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Defying the Odds

Defying the Odds
New book about the 2016 election.

Monday, June 24, 2019

The Vetting Docs

In  Defying the Oddswe discuss the people surrounding Trump (The update  -- recently published --includes a chapter on the 2018 midterms.)
The choice of servants is of no little importance to a prince, and they are good or not according to the discrimination of the prince. And the first opinion which one forms of a prince, and of his understanding, is by observing the men he has around him; and when they are capable and faithful he may always be considered wise, because he has known how to recognize the capable and to keep them faithful. But when they are otherwise one cannot form a good opinion of him, for the prime error which he made was in choosing them.
-- Machiavelli
Some highlights:
  • Scott Pruitt, who ultimately lost his job as EPA Administrator because of serial ethical abuses and clubbiness with lobbyists, had a section in his vetting form titled "allegations of coziness with big energy companies."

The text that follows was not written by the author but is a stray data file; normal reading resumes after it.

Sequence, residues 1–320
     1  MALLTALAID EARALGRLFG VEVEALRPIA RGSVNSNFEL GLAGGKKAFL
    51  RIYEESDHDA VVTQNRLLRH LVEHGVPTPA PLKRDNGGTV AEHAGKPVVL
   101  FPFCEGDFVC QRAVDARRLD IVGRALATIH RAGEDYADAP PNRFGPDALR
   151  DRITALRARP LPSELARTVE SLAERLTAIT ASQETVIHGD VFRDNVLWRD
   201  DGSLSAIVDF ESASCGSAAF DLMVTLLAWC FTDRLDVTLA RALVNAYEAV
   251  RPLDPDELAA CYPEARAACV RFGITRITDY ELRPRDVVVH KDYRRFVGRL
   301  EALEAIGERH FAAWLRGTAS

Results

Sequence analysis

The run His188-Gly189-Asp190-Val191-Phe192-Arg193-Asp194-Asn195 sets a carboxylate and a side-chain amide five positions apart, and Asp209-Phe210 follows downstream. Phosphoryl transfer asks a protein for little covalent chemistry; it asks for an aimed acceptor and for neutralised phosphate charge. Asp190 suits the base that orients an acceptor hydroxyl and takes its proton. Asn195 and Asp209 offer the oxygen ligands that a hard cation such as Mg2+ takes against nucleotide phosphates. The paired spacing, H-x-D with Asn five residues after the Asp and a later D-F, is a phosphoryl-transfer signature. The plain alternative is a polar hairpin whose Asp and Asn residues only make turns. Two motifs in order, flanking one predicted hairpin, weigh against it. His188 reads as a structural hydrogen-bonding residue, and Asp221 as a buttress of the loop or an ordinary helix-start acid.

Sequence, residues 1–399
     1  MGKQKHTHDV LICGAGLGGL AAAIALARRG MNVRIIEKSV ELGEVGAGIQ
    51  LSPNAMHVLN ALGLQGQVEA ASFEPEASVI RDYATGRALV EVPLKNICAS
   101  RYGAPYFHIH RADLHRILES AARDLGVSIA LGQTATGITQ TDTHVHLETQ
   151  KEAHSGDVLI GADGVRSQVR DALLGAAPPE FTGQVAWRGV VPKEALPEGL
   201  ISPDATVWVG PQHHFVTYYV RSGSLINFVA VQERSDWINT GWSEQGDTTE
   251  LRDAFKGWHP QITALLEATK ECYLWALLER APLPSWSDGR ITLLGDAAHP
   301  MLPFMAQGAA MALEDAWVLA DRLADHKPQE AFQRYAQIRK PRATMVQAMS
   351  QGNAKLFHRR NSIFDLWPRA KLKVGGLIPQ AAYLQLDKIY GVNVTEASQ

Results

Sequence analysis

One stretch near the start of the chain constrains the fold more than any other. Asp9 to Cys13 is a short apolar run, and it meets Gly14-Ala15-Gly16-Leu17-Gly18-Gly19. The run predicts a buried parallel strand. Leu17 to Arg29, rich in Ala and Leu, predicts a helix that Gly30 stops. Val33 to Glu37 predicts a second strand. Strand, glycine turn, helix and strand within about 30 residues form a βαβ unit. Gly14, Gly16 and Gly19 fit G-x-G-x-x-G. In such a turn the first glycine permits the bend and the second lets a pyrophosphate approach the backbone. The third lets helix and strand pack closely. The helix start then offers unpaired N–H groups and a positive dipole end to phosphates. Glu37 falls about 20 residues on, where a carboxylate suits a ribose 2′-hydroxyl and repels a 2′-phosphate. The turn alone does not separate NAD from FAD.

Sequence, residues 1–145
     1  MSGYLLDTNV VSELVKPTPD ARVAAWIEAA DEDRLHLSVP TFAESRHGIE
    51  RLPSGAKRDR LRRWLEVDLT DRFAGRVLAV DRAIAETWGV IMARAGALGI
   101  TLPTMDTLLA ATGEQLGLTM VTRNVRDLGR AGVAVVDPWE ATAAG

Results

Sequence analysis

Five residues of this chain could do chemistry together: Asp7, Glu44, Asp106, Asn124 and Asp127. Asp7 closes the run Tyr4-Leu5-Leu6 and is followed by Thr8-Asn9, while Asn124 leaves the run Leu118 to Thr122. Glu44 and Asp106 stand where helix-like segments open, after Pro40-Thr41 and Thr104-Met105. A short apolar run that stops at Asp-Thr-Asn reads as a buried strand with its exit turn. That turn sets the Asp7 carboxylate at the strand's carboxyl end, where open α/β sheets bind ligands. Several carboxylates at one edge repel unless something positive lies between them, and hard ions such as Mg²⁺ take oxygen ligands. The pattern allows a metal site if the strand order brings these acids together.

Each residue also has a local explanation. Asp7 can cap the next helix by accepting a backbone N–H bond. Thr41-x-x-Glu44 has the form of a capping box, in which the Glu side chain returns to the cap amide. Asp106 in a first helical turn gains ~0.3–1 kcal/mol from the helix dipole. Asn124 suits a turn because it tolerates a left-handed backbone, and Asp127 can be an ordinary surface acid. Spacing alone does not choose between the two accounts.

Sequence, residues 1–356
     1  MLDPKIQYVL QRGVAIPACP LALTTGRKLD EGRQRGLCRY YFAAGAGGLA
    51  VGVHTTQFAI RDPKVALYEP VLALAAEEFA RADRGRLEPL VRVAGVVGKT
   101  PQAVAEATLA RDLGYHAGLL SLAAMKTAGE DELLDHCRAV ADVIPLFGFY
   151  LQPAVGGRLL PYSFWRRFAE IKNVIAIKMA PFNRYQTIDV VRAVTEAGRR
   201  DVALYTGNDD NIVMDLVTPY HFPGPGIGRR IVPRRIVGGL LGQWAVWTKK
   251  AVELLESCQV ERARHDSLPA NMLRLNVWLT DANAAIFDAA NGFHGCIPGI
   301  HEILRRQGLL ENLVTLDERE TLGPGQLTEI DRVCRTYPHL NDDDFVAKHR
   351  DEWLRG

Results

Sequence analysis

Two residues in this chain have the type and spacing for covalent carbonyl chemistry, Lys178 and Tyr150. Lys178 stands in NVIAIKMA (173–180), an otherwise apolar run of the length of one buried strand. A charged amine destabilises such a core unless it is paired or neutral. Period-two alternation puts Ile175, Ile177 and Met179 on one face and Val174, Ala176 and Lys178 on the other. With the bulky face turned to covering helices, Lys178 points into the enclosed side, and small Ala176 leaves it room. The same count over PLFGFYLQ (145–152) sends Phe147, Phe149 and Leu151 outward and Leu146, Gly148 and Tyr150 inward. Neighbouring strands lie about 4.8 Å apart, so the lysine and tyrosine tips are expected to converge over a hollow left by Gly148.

• Tom Price, who ultimately resigned as Health and Human Services Secretary after Trump lost confidence in him in part for stories about his use of chartered flights, had sections in his dossier flagging "criticisms of management ability" and "Dysfunction And Division Has Haunted Price's Leadership Of The House Budget Committee."
  • Mick Mulvaney, who became Trump's Budget Director and is now his acting chief of staff, has a striking assortment of "red flags," including his assessment that Trump "is not a very good person."
  • The Trump transition team was so worried about Rudy Giuliani, in line for Secretary of State, that they created a separate 25-page document titled "Rudy Giuliani Business Ties Research Dossier" with copious accounting of his "foreign entanglements."
...
Behind the scenes: In the chaotic weeks after Trump's surprise election victory, Trump fired Chris Christie as the head of his transition. The team that took over — which V.P. Mike Pence helmed — outsourced the political vetting of would-be top officials to the Republican National Committee.
...
Traditionally, any would-be top official faces three types of vetting: an FBI background check, a scrub for financial conflicts of interest from the Office of Government Ethics, and a deep dive from the president-elect's political team, which veteran Washington lawyers often handle.
We obtained many of the political vetting forms. According to sources on the RNC vetting team, senior Trump officials asked them to do an initial "scrub" of the public record before Trump met the contenders. But in many cases — for example the misguided choice of Andrew Puzder as Labor Secretary — this RNC "scrub" of public sources was the only substantial vetting in Trump's possession when he announced his picks.
The full list here.